The above verses are clear and explicit: hurting and abusing the prophets is not something that God takes lightly. God has warned the people who hurt and humiliate the prophets that they will be on the receiving end of a painful punishment. I believe that this indirectly proves the Maturidi position that the people who disparage and disrespect the prophets may end up in disbelief. There is no doubt that discussing and speculating about the prophets in this way, including attributing to them lies, deception, and sexual immorality is harming and humiliating them. Unfortunately, in the last few years we have witnessed some of the so-called Muslim scholars reduce themselves to making fun of the Glorious Prophets, including Muhammad, Ibrahim, Isa, and Musa PBUT. It is a very miserable reality, and I am afraid that God will not give these scholars free reign and a free pass for this degenerative behaviour. The prophets were sent by God and he takes care of the people who are performing the mission ordered by Him!

The duty of the genuine believers towards their prophets is not to speculate on their ”sins”, or sexual and mental impotence. Instead, our duty is to support them by helping to spread their message, keep them in a high regard, inform the people of their glorious characters, and to protect their honour.

God says:

Indeed, We have sent you as a witness and a bringer of good tidings and a warner. That you [people] may believe in Allah and His Messenger and support him and respect the Prophet and exalt Allah morning and afternoon. 48;8,9

In this verse God has clarified what genuine believers should uphold towards the prophets. With regards to this verse I have my own personal understanding, even though it opposes the opinions of a lot of glorious scholars including the top Maturidi scholars. God has mentioned three duties in this verse: supporting, respecting, and exalting. Most of the scholars commented that the first two duties (supporting and respecting) are with respect to the Prophet PBUH and the third is with respect to God.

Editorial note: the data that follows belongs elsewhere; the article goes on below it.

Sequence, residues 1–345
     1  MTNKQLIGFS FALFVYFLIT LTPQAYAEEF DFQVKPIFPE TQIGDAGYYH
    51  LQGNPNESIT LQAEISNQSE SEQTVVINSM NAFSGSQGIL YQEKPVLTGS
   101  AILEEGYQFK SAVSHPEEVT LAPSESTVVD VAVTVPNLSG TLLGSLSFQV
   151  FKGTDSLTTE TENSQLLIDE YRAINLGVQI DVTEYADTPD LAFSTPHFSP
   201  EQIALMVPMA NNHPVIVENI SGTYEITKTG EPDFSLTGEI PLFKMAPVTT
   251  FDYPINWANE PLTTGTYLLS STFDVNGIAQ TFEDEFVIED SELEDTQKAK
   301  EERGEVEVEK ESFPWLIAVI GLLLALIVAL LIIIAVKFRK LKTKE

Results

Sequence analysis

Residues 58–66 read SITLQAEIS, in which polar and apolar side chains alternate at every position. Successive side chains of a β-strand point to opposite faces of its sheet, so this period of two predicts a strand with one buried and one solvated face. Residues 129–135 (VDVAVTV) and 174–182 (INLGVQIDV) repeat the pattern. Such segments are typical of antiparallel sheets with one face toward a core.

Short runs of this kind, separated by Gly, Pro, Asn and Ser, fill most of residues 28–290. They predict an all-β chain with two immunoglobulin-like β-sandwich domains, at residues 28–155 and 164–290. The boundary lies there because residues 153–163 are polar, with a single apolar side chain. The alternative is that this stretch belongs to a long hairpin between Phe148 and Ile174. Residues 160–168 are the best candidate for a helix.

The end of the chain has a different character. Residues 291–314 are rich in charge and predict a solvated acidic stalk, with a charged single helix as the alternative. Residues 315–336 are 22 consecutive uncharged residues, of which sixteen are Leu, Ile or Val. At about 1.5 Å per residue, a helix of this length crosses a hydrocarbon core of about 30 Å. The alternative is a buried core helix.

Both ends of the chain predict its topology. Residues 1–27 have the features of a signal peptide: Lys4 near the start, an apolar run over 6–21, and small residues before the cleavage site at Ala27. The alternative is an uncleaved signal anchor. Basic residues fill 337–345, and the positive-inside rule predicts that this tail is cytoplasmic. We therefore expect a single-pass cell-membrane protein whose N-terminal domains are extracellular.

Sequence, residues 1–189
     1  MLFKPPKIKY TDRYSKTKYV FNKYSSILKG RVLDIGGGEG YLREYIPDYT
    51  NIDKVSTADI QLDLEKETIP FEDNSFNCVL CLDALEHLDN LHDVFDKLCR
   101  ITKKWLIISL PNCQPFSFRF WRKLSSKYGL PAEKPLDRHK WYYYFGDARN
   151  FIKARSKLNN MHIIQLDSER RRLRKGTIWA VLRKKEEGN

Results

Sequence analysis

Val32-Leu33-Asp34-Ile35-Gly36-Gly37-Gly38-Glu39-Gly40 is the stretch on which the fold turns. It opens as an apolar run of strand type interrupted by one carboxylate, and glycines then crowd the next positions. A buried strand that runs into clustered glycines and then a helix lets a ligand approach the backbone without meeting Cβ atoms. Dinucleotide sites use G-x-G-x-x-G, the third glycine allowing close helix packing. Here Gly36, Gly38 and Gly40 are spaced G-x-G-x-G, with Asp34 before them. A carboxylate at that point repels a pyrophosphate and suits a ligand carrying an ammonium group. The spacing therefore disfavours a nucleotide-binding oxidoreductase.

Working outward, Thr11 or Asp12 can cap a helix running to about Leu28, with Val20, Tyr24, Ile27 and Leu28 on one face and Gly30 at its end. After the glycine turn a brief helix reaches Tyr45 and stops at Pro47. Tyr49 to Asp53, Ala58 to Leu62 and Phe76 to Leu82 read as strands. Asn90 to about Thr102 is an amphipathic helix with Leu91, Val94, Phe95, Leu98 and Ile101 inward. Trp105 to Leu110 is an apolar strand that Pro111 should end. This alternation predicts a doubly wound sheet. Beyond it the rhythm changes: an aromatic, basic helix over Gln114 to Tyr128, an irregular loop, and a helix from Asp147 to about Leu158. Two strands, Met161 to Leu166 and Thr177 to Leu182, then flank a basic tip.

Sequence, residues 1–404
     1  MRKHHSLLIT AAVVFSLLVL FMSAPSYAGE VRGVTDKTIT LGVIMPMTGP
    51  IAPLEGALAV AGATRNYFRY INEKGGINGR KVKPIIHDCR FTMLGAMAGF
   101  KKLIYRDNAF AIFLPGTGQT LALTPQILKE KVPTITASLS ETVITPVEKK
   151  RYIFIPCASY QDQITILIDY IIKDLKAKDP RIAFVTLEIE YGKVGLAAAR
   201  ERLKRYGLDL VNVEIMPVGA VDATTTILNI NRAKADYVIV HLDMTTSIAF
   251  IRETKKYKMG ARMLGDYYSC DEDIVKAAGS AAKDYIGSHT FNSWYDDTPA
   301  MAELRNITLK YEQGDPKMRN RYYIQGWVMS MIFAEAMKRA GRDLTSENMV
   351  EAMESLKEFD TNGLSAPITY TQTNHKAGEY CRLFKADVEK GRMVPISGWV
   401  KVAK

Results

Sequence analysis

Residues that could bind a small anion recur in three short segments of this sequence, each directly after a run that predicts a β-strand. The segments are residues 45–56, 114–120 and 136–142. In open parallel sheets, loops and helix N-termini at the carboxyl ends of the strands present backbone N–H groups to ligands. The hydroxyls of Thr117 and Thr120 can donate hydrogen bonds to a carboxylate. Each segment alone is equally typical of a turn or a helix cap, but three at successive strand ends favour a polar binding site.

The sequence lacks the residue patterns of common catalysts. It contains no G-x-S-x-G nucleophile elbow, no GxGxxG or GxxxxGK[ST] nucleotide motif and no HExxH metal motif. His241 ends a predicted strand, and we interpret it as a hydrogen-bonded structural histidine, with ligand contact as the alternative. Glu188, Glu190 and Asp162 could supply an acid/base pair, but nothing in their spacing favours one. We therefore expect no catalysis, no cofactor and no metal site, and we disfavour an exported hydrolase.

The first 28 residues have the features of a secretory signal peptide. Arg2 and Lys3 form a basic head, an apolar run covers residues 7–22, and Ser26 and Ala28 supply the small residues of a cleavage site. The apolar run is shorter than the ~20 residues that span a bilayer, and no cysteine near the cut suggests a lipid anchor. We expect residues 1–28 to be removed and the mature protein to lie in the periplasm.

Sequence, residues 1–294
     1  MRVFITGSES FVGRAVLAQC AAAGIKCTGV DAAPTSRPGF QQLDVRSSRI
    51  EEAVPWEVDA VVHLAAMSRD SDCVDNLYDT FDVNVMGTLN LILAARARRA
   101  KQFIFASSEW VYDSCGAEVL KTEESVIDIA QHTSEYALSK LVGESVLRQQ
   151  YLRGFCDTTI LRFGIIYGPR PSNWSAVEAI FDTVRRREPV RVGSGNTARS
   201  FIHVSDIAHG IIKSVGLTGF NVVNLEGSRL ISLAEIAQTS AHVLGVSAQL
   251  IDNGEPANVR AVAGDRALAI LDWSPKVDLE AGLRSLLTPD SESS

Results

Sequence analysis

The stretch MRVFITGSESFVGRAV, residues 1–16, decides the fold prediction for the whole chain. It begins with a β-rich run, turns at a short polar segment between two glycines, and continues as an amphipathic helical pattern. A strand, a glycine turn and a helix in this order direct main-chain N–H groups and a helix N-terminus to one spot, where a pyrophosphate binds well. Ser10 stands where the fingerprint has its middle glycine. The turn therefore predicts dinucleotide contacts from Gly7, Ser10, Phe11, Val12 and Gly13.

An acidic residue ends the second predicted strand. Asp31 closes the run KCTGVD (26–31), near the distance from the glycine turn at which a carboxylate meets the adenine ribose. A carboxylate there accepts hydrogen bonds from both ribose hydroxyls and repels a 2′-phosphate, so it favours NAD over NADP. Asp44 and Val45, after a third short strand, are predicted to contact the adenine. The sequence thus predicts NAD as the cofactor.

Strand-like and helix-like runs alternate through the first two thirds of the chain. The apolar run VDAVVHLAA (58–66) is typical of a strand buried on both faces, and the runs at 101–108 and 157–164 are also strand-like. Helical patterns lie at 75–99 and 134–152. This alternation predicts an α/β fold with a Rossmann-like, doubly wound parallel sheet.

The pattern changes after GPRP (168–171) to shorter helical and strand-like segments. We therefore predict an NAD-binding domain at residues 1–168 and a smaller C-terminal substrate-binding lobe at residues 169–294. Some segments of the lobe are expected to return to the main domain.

However, it is my opinion, theologically, that even the third duty can be with respect to the Prophet PBUH, and this tafseer is more grammatically and linguistically sound. On the grammatical point, it is difficult to accept the opinion of the majority of the scholars of referring the first two to the prophet and the third to God. That is why some scholars such as Fakhr Razi, Mawardi, and Alusi preferred that all is to God. I believe we can use the word ”Tusabbihuhu” in its linguistic meaning, which connotes ”believing someone free from evil attributes and conditions”. However, if we understand it according to the meaning of ”Praying” then I defer to and support the position of the above three scholars that all of these duties should refer to God only!

Nonetheless, the duty of the genuine believers toward the prophets is to support them, honour them, and reject all of the harmful and miserable things that are attributed to them.